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In August Dutch documentary maker Marijn Poels travelled together with Dutch photographer Jan Janssen to Rio de Janeiro for a documentary about street children, focussing on the preparations for the World Cup Football in 2014 and the Olympics in 2016. His experiences combined with studying official papers inspired him to write this article.
 
On November 17th his documentary will be released by the Martinus Foundation Netherlands in cooperation with KIVO – Belgium, AMAR – Rio de Janeiro, Cedeca – Rio de Janeiro, PAMEN – Rio de Janeiro.
 
August 2013, Rio de Janeiro

World Cup Tickets Tainted with Carioca Blood.
 
Rio de Janeiro – It is late afternoon. I am walking the sandy streets of a favela against the “Attero Sanitário de Jardim Gramacho”, a garbage dump in the suburbs of Rio de Janeiro. Here twenty thousand people live in slums surrounded by waste. Here the irony of the name Carioca becomes clear; it is the name of cheerful music and a dance, but at the same time it is the name for an inhabitant of Rio de Janeiro. This district of Rio does not have any sanitation or clean water. The slums have been built with cardboard, plastic and wood from the dump. Above the huts a black cloud develops, originating from fermented waste burst into flames. Like a layer of fog the smoke travels through the streets. The smell of decaying meat, fruit and burnt plastic triggers my nose unpleasantly. Every five minutes large trucks filled with waste roar past the slums. Playfully children follow a truck which dumps its load of waste from Rio de Janeiro onto the rubbish heap.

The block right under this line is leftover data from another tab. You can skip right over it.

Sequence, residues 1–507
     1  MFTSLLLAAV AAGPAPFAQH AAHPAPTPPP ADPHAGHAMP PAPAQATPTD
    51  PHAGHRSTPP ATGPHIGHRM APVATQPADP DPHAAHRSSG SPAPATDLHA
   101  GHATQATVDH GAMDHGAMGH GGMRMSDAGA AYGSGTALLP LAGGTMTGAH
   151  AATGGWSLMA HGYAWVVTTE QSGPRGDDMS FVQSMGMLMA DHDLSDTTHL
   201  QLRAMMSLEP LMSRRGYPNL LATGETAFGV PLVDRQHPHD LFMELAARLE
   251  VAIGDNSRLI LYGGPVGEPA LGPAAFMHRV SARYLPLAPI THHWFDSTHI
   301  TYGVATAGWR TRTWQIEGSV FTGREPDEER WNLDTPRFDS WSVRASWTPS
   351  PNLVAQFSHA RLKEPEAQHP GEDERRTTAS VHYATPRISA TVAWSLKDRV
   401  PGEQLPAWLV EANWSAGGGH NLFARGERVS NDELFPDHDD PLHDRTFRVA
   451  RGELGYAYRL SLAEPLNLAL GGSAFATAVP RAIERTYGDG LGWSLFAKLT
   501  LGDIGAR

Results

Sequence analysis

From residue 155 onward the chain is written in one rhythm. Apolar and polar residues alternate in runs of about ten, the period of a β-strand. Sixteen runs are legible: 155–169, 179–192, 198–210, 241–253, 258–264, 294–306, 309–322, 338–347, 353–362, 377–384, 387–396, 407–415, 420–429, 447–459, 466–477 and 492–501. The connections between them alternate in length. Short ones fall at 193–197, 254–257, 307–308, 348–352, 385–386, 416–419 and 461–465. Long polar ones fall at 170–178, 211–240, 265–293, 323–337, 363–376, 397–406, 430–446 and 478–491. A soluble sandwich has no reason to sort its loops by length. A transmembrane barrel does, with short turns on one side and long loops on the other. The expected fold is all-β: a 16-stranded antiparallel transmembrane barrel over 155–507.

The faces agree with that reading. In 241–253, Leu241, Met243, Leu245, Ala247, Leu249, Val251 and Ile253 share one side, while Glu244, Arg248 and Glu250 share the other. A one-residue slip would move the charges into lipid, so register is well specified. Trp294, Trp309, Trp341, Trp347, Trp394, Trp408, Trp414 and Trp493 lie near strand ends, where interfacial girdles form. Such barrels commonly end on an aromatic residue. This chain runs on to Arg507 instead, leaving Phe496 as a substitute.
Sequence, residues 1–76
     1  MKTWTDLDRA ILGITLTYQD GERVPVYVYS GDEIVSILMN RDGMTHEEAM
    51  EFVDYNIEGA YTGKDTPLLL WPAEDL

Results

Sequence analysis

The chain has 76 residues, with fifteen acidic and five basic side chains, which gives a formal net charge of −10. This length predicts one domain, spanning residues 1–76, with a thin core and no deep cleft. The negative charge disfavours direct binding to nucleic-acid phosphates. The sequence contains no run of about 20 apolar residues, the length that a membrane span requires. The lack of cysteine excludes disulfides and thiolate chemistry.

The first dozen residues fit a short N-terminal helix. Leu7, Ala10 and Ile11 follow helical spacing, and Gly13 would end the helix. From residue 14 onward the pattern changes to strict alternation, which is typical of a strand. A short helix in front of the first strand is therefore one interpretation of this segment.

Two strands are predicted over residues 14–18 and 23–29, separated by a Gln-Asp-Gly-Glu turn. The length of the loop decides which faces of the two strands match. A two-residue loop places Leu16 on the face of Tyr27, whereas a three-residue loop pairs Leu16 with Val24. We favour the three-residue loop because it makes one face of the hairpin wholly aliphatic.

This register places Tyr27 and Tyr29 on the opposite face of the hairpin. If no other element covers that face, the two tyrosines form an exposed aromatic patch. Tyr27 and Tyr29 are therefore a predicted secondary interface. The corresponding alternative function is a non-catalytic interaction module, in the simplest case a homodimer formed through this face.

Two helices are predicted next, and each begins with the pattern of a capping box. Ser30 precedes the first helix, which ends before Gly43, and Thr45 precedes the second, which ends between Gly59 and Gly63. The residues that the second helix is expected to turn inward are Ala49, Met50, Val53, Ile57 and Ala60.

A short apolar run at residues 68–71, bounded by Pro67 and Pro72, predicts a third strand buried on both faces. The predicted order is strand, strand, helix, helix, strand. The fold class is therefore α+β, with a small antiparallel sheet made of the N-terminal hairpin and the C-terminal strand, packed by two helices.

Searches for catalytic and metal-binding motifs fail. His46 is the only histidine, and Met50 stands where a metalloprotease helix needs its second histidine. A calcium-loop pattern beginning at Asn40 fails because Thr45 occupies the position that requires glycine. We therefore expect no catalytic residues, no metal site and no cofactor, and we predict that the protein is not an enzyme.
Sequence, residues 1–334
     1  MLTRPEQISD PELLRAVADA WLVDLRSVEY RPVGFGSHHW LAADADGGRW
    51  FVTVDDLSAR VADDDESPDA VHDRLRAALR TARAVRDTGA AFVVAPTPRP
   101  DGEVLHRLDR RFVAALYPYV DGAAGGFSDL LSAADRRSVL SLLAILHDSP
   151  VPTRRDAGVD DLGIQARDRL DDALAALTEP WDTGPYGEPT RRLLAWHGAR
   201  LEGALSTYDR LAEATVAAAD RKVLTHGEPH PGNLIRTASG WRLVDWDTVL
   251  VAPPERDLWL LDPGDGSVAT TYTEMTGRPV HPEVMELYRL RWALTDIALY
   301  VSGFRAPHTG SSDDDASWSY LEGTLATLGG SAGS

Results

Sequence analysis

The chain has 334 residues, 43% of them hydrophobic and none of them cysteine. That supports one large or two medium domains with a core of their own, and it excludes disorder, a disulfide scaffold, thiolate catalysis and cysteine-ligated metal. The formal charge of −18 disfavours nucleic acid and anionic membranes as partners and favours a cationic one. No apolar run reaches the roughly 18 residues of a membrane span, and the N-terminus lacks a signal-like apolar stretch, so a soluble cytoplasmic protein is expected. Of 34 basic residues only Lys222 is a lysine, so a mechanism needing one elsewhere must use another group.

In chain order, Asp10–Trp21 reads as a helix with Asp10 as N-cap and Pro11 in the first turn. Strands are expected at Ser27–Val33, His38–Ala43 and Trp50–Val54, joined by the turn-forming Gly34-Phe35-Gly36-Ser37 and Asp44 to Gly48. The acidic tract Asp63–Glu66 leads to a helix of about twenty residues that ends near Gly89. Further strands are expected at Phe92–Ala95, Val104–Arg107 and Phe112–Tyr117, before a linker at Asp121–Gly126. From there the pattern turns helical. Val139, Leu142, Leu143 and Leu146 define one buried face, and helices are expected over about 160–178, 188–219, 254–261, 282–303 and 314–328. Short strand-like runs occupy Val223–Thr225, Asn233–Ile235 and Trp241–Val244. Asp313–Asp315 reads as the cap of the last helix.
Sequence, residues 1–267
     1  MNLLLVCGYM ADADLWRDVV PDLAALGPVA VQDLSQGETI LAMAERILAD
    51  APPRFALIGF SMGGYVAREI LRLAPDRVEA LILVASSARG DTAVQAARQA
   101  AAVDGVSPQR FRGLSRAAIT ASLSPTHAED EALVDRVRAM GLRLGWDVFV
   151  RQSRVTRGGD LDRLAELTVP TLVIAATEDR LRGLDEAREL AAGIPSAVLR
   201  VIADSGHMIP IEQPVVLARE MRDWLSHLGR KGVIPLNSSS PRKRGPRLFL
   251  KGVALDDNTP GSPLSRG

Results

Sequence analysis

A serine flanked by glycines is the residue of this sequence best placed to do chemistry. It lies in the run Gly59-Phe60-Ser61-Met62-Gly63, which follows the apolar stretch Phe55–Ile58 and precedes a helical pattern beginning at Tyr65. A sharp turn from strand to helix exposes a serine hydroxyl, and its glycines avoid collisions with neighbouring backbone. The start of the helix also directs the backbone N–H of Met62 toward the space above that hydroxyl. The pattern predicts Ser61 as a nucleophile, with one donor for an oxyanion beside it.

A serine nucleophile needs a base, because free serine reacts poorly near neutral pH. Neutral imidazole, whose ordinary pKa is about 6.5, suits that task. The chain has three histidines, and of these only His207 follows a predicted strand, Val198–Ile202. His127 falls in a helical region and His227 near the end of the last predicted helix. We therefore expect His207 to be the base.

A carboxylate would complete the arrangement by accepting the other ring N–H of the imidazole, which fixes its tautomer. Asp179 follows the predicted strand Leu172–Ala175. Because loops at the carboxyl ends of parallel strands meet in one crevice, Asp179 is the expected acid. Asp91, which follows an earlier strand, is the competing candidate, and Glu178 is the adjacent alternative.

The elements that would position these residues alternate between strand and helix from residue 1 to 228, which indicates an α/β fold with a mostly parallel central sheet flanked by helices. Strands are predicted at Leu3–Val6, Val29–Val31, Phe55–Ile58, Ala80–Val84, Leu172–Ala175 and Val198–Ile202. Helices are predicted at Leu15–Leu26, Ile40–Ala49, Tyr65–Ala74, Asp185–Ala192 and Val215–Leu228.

The area, just like many other favelas in Rio, is dominated by the drugs mafia and armed militia. For decades favelas have not been officially acknowledged by the government, resulting in the presence of drugs gangs and militia. Corrupt policemen are being bribed by the mafia with large sums of money that give the gangs dominance over the district. Desperation rules. Children in the favelas are being recruited by the mafia to serve as cannon fodder working for organised crime. Fatinha Pereira da Silva, living in Rio, prohibits that we use our camera. The last few days there has been many shootings in the district between rivalling mobs and the situation is tense. Fatinha runs a small school in the favela to keep the children out of the hands of the militia..